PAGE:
In 2009 the Swedish Supreme Administrative Court settled cases regarding cross-border group contribution. The Swedish legislation was found to be at conflict with EU-law as it did not allow cross-border group contribution even when the foreign losses were final. The Court also settled that losses that are final due to internal tax law in the subsidiary State should not be considered final. One year later, Swedish cross-border group relief law was adopted. The group relief law has created an opportunity for a Swedish parent to deduct final losses in a foreign subsidiary, as long as it meets certain conditions. The conditions has been criticised to be too hard to accomplish and that they are at conflict with EU-law.

I have concluded that the ECJ has increased the protection of the tax bases of the Member States by justifying discriminatory measures in larger extent, which decreases the States’ desire to accomplish harmonisation within the union, while at the same time the lack of harmonisation is the source of the questions in topic. The Swedish group relief law contains restrictions which I find hard to justify according to EU-law, both regarding when group relief is allowed and to what extent. The restrictions are at some degree based on the fact that some questions remain even after the Marks & Spencer case. Furthermore, it is concluded that the group relief law is based on the viewpoint that the Swedish tax law regarding unlimited carry forward of losses and the transfer of losses within is the standard, which results in excluding, from group relief, all situations when the losses would not have been final if the subsidiary would have had its residence in Sweden. This is not supported by the ECJ case law and only partly supported by the national case law. In accordance with the above mentioned viewpoint, it’s questioned if not carry-forward of the transferred losses should be allowed in the parent company as long as the losses would have been deductable in the subsidiary state, instead of no carry-forward being allowed at all. To some extent it is understandable, that the conditions for Swedish group relief are tough to meet, because of the unanswered questions from the ECJ case law and the absence of harmonisation of direct taxation within the EU, but none the less the Swedish group relief law must be regarded as too demanding regarding when deduction of final losses is allowed.},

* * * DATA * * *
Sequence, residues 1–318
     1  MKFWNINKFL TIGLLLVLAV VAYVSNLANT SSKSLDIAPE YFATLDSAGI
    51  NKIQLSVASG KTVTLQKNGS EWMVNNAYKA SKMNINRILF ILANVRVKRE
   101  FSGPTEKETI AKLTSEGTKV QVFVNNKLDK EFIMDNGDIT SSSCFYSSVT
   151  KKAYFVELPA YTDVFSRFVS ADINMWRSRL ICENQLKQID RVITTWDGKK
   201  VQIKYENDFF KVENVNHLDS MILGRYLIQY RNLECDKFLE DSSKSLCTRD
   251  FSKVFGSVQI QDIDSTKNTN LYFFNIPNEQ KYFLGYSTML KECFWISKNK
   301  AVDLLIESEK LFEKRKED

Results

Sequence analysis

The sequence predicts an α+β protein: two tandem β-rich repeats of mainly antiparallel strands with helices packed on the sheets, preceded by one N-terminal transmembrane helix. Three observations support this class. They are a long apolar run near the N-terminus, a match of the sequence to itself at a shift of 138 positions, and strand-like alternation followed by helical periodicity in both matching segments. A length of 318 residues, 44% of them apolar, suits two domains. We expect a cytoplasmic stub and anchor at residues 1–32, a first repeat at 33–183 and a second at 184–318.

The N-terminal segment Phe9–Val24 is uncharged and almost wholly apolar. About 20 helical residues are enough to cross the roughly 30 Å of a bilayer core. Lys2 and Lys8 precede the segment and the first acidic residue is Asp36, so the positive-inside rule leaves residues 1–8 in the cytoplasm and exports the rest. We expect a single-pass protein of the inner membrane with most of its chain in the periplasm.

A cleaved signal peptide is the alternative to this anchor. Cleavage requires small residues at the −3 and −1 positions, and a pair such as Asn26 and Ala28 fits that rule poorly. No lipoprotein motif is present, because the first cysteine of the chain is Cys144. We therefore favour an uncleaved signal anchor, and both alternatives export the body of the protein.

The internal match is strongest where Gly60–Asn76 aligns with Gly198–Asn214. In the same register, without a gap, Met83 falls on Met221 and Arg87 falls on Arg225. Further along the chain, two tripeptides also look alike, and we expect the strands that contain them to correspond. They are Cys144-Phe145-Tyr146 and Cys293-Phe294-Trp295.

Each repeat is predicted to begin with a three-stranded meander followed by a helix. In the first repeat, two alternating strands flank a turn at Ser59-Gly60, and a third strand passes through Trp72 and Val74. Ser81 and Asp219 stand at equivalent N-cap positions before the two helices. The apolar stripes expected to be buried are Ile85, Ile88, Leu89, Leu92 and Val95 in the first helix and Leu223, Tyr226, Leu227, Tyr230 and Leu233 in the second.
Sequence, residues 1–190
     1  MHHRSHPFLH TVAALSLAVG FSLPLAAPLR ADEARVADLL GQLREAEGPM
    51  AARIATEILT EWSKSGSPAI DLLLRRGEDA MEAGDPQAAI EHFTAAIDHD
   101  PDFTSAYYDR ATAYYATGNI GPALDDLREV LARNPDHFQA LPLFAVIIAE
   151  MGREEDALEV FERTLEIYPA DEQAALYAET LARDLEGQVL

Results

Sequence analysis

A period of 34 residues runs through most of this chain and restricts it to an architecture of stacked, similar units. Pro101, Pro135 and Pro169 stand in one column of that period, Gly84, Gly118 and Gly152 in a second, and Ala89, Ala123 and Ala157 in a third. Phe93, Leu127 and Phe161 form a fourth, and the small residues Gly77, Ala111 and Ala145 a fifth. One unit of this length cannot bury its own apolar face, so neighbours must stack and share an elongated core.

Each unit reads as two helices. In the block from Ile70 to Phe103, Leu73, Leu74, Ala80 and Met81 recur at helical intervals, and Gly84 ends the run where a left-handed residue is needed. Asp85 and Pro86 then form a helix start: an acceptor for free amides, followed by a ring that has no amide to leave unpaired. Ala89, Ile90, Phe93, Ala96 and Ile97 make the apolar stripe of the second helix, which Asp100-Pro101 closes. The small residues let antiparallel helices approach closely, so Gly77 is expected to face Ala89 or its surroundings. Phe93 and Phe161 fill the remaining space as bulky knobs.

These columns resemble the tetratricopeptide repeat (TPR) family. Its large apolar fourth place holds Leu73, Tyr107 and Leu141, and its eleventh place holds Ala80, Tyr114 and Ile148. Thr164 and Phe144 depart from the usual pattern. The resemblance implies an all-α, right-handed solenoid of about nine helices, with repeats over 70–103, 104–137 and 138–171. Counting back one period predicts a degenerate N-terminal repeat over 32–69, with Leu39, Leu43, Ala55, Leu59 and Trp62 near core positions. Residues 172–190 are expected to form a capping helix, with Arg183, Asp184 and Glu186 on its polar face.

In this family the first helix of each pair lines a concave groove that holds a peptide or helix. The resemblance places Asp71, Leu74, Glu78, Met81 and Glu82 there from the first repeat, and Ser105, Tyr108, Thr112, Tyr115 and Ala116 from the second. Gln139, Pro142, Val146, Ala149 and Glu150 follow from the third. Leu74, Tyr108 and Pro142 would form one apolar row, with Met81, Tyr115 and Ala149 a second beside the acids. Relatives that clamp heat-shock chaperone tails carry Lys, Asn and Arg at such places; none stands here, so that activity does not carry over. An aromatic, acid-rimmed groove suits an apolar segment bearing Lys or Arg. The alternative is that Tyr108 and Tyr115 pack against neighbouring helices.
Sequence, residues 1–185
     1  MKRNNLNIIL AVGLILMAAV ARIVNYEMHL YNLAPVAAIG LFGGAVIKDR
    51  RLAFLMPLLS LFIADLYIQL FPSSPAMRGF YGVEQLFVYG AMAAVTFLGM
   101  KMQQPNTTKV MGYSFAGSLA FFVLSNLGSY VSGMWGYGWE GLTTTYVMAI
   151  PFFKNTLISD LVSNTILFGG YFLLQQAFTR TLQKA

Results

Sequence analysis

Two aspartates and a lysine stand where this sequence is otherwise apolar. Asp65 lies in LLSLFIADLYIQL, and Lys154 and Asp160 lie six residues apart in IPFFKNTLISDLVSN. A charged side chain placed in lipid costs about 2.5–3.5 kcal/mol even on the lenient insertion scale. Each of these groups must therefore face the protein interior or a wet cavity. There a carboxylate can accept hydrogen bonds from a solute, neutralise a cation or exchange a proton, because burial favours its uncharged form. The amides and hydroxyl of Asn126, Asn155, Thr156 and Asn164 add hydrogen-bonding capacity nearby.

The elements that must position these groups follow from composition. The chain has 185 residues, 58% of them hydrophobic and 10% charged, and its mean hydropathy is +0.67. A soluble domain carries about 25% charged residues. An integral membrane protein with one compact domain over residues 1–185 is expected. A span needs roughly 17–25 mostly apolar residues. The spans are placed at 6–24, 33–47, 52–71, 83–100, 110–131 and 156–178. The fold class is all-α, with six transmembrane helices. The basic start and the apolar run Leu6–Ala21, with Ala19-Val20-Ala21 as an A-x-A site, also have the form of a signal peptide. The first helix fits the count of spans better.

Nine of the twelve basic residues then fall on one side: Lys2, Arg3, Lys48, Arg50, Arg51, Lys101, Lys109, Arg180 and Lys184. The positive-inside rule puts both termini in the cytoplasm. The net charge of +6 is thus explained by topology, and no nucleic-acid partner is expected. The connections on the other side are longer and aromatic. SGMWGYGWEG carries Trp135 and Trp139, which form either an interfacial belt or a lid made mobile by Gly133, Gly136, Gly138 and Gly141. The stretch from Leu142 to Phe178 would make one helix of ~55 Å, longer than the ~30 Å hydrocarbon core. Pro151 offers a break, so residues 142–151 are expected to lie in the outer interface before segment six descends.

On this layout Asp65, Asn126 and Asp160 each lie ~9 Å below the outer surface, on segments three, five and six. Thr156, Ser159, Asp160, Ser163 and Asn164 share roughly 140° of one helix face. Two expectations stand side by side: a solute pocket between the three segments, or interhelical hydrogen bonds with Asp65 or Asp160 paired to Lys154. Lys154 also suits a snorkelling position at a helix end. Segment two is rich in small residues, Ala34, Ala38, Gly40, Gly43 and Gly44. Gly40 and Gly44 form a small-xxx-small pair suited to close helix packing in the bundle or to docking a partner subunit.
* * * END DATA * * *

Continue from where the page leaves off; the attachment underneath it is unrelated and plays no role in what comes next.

author       = {Jarlert, Edvard},
  keyword      = {EU-rätt,skatterätt},
  language     = {swe},
  note         = {Student Paper},
  title        = {Koncernavdrag, ett säkerställande av fördelningen av beskattningsrätten eller ett skydd mot minskade skatteintäkter},
  year         = {2011},
}